Tom Petrocelli's take on technology. Tom is the author of the book "Data Protection and Information Lifecycle Management" and a natural technology curmudgeon. This blog represents only my own views and not those of my employer, Enterprise Strategy Group. Frankly, mine are more amusing.
Thursday, June 22, 2006
I'm Running Out of Network Connections
This has created an incredibly rich and useful desktop environment. All of these apps allow me to do the little things I used to have to go to a web page for or load some monstrosity of an application. It has also created a problem I've never encountered before on a desktop machine - I'm running out of network connections.
There are lots of other applications that want to get to the network too. Practically every piece of software wants to check for updates (although I turn this off for most applications). Add on all the communications most of us use now including VoIP/Skype, IM, and E-mail and you have major contention for network resources. There are limitations to the number of TCP/IP sessions that Windows allows for each network connection. The more small apps I have trying to get to the Internet or even my own network, the more contention there is for those connections. Network adapters, especially the cheap ones they put in most desktop computers, also have limitations. Even if that is very high, there is still limited bandwidth to work with and building up and tearing down network connections takes CPU and network adapter resources.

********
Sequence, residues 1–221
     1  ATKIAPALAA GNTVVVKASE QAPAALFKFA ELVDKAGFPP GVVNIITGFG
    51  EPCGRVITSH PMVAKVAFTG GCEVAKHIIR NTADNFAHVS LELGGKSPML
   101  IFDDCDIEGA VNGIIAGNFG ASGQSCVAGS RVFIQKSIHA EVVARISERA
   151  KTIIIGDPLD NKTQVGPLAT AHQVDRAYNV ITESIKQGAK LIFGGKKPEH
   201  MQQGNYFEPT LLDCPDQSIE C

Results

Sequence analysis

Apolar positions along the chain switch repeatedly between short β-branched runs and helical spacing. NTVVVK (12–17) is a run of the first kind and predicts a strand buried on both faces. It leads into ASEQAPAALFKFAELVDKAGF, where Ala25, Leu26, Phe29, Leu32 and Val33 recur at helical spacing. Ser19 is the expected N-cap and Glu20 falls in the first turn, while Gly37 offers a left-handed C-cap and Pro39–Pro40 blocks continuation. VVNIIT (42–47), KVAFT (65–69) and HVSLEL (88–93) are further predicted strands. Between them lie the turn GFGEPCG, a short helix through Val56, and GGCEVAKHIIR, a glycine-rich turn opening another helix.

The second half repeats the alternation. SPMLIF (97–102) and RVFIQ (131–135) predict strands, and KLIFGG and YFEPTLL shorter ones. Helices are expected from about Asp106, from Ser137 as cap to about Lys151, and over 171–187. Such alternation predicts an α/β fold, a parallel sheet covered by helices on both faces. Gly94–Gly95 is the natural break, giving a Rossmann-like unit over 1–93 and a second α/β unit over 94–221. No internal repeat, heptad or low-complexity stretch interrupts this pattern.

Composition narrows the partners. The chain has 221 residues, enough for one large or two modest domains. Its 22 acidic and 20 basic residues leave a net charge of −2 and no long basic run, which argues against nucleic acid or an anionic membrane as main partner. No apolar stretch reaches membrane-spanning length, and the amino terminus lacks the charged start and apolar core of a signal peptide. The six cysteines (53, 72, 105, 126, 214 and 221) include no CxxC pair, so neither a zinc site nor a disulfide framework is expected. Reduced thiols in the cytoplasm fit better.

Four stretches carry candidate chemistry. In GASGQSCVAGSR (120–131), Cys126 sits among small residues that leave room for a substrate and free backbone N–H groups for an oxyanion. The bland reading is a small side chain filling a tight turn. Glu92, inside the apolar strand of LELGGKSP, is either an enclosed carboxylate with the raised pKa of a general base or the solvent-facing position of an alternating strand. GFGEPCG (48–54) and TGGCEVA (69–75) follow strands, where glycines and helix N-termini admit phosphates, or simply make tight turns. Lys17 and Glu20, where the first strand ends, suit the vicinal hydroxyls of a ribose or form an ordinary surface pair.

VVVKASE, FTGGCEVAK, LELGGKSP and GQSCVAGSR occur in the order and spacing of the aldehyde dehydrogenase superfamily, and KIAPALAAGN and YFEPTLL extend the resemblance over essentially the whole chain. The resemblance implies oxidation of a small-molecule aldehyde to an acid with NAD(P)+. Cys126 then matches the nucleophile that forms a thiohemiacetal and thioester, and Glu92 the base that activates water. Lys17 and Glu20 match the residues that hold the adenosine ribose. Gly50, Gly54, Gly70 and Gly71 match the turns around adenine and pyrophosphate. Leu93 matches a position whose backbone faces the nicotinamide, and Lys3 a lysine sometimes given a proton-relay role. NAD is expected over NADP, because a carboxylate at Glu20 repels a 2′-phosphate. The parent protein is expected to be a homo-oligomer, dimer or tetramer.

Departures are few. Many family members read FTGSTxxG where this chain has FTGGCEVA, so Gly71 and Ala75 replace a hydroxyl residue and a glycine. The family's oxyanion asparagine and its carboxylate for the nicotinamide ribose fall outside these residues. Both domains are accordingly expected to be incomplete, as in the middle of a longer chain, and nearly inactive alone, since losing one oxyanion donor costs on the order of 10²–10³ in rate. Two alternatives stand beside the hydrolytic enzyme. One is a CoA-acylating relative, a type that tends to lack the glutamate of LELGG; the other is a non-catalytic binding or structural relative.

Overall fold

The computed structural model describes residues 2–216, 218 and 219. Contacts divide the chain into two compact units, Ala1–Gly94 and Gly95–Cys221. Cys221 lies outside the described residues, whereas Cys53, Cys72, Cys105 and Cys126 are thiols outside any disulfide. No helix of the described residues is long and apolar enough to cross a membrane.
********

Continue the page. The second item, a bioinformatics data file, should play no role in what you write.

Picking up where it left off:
Now, I might be an ubergeek who wants to have all of these little do-dads loaded all the time but most of these are becoming normal features of the desktop environment. This coupled with the judicious use of AJAX on web sites and even the average person will soon find themselves running out of a precious resource that they didn't know was limited or even there. In a sense, we are back to the days when most of us would get those cryptic messages from Windows because we were running out of memory. Fine for the computer savvy of the world but mystifying to the average Joe.
Now, some of the problem is the applications themselves. When they encounter an overloaded network connection, they act like something has gone terribly wrong. Rather than wait for resources to become available, they spill out an error message in techno code. The upshot is that normal users of computers may start to see them as more harm than good and shy away from them.
Better application design would also help. These various desktop scripting programs should include a network management capability that takes this into account. Small app designers should also work out better a schema for building and releasing network connections. Some applications are constantly building and tearing down connections which is hard on a system.
For my part, I'm going to try an additional Ethernet card and spread the load out a bit. Most folks can't do that. A little more discipline may go a long way to ensuring that this new approach to software doesn't die on the vine.